Cricket – the gentleman’s game has been involved in many controversies. Here we list the top 10 most controversial cricketers who put a shame to this gentleman’s game.

10. Marlon Samuels

Indian police accused West Indian all-rounder Marlon Samuels of providing an Indian bookie with tactical information about team matches. There wasn’t enough information to prove that he had been paid for the information or even to charge him with match fixing, but it was enough to prove it amounted to betting. The police later released a taped conversation between Samuels and the bookie and the International Cricket Council (ICC) banned Samuels from playing cricket for 2 years. He still maintains his innocence.

9. Glenn McGrath

Australians are known to “sledge” (verbally intimidate) their opponents. Sometimes it works and sometimes it backfires. During Australia’s match against the West Indies Australian bowler Glenn McGrath and West Indian batsman Ramnaresh Sarwan had quite the altercation.

8. Michael Atherton

On the third day of the first test at Lord’s in 1994, South Africa were batting admirably and on course for a decent aggregate in their second innings. England’s bowlers looked worse than average, grabbing a wicket here and there yet neglecting to keep weight on the batsmen. And after that, TV cameras got the England commander and opening batsman Michael Atherton seeming to rub something from his trouser pocket onto the ball. Under the laws of cricket it is illegal to modify the ball using any artificial substance or one’s fingers, e.g. lifting up the seam or scraping it with one’s fingernails. He was fined £2000 by the Chairman of Selectors, Ray Illingworth, for not being totally honest with the match referee.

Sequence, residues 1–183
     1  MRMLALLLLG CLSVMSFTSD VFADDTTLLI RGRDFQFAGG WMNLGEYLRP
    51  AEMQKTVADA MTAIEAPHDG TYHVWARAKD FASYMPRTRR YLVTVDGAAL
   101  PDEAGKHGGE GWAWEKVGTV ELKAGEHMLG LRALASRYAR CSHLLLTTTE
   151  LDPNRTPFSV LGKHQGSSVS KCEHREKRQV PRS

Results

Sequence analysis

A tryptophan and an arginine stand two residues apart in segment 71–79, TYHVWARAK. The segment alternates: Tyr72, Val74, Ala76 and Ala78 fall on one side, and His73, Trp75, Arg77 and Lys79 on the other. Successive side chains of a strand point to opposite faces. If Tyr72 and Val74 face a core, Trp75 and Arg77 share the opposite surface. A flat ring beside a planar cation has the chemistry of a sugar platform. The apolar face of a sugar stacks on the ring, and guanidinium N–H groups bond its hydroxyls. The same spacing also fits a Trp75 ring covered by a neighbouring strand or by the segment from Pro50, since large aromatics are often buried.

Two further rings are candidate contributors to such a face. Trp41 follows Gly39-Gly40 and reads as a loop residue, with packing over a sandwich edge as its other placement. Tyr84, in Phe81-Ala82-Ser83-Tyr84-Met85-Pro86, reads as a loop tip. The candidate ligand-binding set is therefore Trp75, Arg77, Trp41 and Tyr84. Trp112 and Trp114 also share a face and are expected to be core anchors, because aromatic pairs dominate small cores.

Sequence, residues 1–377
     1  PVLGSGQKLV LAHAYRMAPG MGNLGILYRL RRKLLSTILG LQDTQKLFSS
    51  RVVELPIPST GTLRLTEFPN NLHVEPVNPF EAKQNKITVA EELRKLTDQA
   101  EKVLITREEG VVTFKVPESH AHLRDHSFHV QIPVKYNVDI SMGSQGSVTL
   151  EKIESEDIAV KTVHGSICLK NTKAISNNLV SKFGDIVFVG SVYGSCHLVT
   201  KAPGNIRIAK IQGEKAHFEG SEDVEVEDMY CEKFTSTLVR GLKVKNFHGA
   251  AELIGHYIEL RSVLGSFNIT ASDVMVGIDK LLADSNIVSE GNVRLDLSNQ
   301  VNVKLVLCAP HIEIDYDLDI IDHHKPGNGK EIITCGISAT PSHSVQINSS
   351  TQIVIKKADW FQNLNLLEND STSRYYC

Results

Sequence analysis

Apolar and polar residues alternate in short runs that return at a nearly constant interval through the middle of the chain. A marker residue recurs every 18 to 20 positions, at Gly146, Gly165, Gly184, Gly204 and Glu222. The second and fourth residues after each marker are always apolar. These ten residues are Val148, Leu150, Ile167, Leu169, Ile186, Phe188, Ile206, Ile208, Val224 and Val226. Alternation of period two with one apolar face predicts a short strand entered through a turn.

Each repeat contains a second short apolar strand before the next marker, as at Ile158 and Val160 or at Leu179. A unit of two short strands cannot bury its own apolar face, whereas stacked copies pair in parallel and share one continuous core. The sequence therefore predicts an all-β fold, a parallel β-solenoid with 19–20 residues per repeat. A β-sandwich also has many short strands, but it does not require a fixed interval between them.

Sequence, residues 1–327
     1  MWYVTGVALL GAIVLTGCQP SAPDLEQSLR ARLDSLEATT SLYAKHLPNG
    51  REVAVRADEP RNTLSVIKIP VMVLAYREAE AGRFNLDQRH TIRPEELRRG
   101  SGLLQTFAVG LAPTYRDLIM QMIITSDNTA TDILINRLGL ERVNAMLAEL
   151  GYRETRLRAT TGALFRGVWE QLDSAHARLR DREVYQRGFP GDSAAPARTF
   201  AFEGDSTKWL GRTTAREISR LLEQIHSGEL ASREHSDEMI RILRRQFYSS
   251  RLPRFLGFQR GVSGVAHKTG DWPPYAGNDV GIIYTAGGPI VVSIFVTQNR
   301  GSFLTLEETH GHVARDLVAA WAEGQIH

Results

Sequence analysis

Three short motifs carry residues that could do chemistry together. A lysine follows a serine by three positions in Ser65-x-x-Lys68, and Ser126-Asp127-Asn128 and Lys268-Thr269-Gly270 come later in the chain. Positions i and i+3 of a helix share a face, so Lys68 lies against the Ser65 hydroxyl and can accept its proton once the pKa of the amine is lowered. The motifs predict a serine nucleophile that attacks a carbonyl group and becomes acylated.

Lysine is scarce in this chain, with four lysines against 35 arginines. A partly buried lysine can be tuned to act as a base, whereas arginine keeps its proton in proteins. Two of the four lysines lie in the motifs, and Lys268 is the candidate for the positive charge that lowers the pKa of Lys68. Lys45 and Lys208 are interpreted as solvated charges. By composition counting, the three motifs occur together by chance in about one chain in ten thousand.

7. Hansie Cronje

On 7 April 2000, Delhi police revealed they had a recording of a conversation between Cronje and Sanjay Chawla, a representative of an Indian betting syndicate, over match-fixing allegations. Three other players, Herschelle Gibbs, Nicky Boje, and Pieter Strydom, were also implicated. After an enquiry by the King Commission, Cronje was banned from playing or coaching cricket for life. He challenged his life ban in September 2001 but on 17 October 2001, his application was dismissed. After 13 years on July 22, 2013 the Delhi Police registered an FIR for match-fixing in 2000, the chargesheet in the case involving a few South African cricketers including its former captain Hansie Cronje, was finally filed. The scandal is touted to be one of the biggest ever to have hit international cricket.

6. Harbhajan Singh

A specialist bowler, he has the second-highest number of Test wickets by an off spinner, behind Sri Lanka’s Muttiah Muralitharan. Harbhajan was batting during his 63 on the third day of the Second Test at the Sydney Cricket Ground, he became involved in an altercation with Australia’s Andrew Symonds. As a result of this, he was charged with a Level 3 offence of racially abusing Symonds by calling the Australian—of Caribbean descent—a “monkey”. Harbhajan and Tendulkar, his batting partner at the time of the incident, denied this. At a hearing after the conclusion of the Test, match referee Mike Procter found Harbhajan guilty and banned him for three Tests. This decision generated controversy because no audio or video evidence was available.